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the kingdom of Christ is still a stone of stumbling, and a rock of offence; but the stone will one day smite the image upon the feet and toes, and will destroy it utterly; and will itself become a great mountain, and fill the whole earth; or in other words, Rev. xi. 15, "the kingdoms of this world shall become the kingdoms of our Lord, and of his Christ, and He shall reign for ever and ever1."
And may it not be acknowledged that, in our time, we have had a remarkable instance of the operation of this stone cut out of the mountain without hands? Mighty as the consequences of the French revolution have been, we have not yet met with any person who can satisfy us how it began. The breaking out of the tumult, which was the immediate occasion of it, does not appear to have been the result of any organization or concert for the purpose.
The minds of the people, aggravated by an accumulation of injuries, resembled angry clouds, which, after long collecting electric matter, became so surcharged, that the least collision excited general explosion. And what mighty consequences have been involved in the issue! Has not this stone, at length, smitten the image upon the feet and the toes, the last remains, and last support of the temporal power of Rome? We
have seen, in our days, somewhat of the prevalence of the kingdom of the stone, in breaking to pieces and subduing that which was opposed to it; and have therefore good ground to believe it will become a great mountain, and that the subsequent declaration, " and fill the whole earth," will also be accomplished.
'Jonathan Bel Uzziel, who made the Chaldee Targum, or paraphrase upon the prophets, lived a little before our Saviour. In his paraphrase upon Habakkuk, he speaks of the four great kingdoms of the earth, that they should in their turns, be destroyed, and be succeeded by the kingdom of the Messiah: "For the kingdom of Babylon shall not continue, nor exercise dominion over Israel. The kings of Media shall be slain, and the strong men of Greece shall not prosper. The Romans shall be blotted out, and not collect tribute from Jerusalem. Therefore, because of the sign and redemption, which thou shalt accomplish for thy Christ, and the remnant of thy people, they who remain shall praise thee, &e1."
We have seen that the greatest and most signal events of this world were revealed unto Daniel. As he said to Nebuchadnezzar, verse 45: "The great God hath made known to the king what shall come to pass hereafter, and the
dream is certain, and the interpretation thereof sure."
The king hearing his dream related with so much exactness, might be assured thereby of the truth of the interpretation, and of great events which should follow.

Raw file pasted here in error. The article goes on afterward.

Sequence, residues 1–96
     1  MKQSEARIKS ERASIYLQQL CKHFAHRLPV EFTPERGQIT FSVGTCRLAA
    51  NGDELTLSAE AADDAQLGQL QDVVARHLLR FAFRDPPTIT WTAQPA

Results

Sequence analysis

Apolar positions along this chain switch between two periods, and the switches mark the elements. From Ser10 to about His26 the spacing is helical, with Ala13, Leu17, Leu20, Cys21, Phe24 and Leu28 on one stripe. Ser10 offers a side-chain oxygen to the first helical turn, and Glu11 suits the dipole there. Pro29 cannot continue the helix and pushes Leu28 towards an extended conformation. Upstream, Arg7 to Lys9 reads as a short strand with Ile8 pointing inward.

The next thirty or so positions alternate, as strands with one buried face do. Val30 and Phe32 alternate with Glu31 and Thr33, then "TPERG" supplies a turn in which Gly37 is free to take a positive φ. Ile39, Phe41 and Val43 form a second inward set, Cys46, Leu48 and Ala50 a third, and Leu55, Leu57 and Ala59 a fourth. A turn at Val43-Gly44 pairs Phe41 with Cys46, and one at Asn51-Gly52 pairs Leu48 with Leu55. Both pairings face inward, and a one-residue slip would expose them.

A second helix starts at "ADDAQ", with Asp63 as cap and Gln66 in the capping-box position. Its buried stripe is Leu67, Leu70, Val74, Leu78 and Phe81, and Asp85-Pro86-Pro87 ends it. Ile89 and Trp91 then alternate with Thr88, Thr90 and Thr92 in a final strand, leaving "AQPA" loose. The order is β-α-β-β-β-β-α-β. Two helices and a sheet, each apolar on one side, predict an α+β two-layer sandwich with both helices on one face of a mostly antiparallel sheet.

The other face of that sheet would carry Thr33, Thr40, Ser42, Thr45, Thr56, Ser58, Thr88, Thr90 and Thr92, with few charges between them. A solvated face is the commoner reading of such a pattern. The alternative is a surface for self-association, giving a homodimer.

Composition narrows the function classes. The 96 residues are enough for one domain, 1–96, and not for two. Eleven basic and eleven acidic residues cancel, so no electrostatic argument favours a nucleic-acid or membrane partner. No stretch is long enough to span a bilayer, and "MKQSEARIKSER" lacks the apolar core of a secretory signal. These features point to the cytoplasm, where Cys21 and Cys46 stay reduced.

These four empires, which have been the subjects of Daniel's interpretation, are likewise the subject of the most celebrated pens, both in former and in latter ages. The histories of these empires are the best written of any. They are the study of the learned, and the amusement of the polite; they are of use both in schools and
We learn them when we are young, and forget them not when we are old. From hence exainples, instructions, laws, and policies, have been derived for all ages. Not but there have been empires as great or greater than some of these, as those of the Tartars, for instance; that of the Saracens, and of the Turks; and it may be asked why they have not a place in the succession of kingdoms, being as eminent for the wisdom of their institutions, the extent of their dominions, and length of duration. To which it may be replied, the four empires thus specially adverted to, had a particular relation to the church
and people of God, who were subject to each of them in their turns.
They were therefore particularly predicted, and we have of them, without the intermixture of others, a line of prophecy extending from the reign of Nebuchadnezzar to the full and complete establishment of the kingdom of the Messiah.
He who is the Arbiter of kingdoms, and the Governor of the universe, hath revealed enough to manifest his Providence, and to confirm the truth of religion. What Daniel said upon the first discovery of these things, well may we say after the completion of so many particulars: "Blessed be the name of God, for ever and ever; for wisdom and might are his. And he changeth the times and the seasons. He removeth kings, and setteth up kings. He giveth wisdom to the wise, and knowledge to them that know understanding. He revealeth the deep and secret things. He knoweth what is in the darkness, and the light dwelleth with him.”
RECAPITULATION AND REFLECTIONS ON THE
THIS work commenced with the position, that creation originated in the goodness of God, whose delight it was to communicate being and happiness. With this view, Adam was created in a state of innocency; and so long as he preserved it, he was admitted to the converse of his Almighty Father, in which his happiness and his joy were full. Seeing how glorious a Being his Creator was, and the high favour He had conferred upon him, Adam would be strongly engaged to reverence his power, and to love him for his goodness: he would desire to worship and serve Him with the whole heart. But if some condition had not been imposed, by the observance of which, fidelity and attachment might be testified, Adam could not have given proof, either of gratitude or of virtue.
We shall perceive then, that he was placed in the most desirable situation; for what can be